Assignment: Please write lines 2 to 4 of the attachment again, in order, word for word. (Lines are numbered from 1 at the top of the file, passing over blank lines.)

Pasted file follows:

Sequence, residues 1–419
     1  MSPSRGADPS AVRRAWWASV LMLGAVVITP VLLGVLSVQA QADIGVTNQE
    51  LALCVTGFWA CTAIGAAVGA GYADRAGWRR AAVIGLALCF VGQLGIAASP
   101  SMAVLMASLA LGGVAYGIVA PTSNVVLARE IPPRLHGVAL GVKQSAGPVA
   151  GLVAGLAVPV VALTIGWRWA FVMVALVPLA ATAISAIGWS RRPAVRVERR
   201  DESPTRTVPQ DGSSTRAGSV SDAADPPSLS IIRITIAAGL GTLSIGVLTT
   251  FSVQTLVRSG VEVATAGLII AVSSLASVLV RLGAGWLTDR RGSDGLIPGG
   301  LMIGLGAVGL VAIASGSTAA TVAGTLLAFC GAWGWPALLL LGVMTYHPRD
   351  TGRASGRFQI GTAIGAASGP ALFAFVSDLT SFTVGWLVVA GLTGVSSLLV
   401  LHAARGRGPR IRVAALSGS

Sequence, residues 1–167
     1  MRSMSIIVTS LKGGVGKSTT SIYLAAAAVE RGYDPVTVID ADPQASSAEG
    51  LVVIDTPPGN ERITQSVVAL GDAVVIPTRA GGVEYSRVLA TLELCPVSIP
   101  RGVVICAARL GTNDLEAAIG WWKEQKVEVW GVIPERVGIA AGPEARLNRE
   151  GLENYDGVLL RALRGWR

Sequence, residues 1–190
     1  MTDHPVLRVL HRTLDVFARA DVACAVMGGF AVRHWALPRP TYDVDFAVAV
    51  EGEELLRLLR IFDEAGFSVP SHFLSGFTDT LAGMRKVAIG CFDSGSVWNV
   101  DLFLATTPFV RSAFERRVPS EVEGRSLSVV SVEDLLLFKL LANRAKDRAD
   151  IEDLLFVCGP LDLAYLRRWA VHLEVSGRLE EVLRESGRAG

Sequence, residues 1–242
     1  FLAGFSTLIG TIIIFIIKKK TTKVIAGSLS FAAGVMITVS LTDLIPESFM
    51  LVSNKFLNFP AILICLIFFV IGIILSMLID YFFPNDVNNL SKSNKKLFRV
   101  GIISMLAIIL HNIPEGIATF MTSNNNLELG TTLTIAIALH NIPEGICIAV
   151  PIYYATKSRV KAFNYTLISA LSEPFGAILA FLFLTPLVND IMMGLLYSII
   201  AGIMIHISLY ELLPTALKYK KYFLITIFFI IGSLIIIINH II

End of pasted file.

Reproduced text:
     1  MSPSRGADPS AVRRAWWASV LMLGAVVITP VLLGVLSVQA QADIGVTNQE
    51  LALCVTGFWA CTAIGAAVGA GYADRAGWRR AAVIGLALCF VGQLGIAASP
   101  SMAVLMASLA LGGVAYGIVA PTSNVVLARE IPPRLHGVAL GVKQSAGPVA